Lamichhane (2014) reinforces what we have long known – that not only does mental health care have precious few resources allocated to it, most of these resources are used to treat people medically. Lamichhane says that in working with people with psychosocial disabilities we must follow the lead of rights-based organizations that strive for civil, legal, and social rights. In this context, we realized our vision would not be served by getting the residents voters’ cards that openly stated where they lived. Following lengthy negotiations with relevant law enforcement entities, and the Election Commission, we won through: the voter identity cards had photos, names and addresses – but no mention of any mental hospital. The individuals concerned would not have to carry that burden with them for the rest of their lives. For Anjali, this was a crucial step towards fulfilling its vision of destigmatization and deinstitutionalization.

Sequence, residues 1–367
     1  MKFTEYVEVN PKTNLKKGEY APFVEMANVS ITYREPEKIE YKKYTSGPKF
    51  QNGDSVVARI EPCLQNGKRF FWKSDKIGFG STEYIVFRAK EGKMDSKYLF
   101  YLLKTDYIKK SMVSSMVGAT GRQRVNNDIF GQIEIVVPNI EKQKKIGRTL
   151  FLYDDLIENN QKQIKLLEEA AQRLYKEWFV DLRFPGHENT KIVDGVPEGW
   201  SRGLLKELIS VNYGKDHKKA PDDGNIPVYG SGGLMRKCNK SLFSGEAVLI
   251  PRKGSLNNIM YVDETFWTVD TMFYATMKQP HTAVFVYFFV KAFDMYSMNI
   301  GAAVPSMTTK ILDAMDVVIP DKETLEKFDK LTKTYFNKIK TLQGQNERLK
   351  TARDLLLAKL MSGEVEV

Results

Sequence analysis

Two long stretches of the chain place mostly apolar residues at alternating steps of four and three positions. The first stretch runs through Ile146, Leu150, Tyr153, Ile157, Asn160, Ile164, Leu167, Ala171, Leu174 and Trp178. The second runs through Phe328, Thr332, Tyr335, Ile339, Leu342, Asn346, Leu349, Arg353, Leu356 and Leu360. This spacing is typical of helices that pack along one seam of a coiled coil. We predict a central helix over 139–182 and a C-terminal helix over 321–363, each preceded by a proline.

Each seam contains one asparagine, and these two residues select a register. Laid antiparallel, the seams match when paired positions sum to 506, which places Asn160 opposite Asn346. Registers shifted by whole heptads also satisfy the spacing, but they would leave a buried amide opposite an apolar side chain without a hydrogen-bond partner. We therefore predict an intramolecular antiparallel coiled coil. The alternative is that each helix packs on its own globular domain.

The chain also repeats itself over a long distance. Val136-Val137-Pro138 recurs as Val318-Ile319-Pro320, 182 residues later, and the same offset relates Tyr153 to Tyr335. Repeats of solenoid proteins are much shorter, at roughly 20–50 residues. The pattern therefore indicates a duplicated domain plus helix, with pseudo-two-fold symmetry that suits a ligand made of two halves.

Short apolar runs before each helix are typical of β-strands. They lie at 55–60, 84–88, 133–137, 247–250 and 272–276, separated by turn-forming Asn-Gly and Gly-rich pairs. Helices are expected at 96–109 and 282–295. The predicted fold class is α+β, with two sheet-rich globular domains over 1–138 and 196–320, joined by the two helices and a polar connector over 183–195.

Navigating exclusion in legal, civic and societal systems
The Representation of the People Act, 1950, says under Section 16 (b) that a person “of unsound mind and [who] stands so declared by a competent court” may be disqualified as a voter. But what of the hundreds of recovered individuals who, having been abandoned to live out their lives in institutions, must bear the brunt of such exclusionary laws? Pollock and Mulla (2013) have said that past treatment for mental illness is only prima facie evidence, and nobody may be barred from voting on that basis. The right to vote (and to be elected) in genuine, periodic elections is intrinsically linked to a number of other human rights, the enjoyment of which is crucial to a meaningful electoral process. These rights include the right to freedom from discrimination, the right to freedom of opinion and expression, and the right to freedom of movement.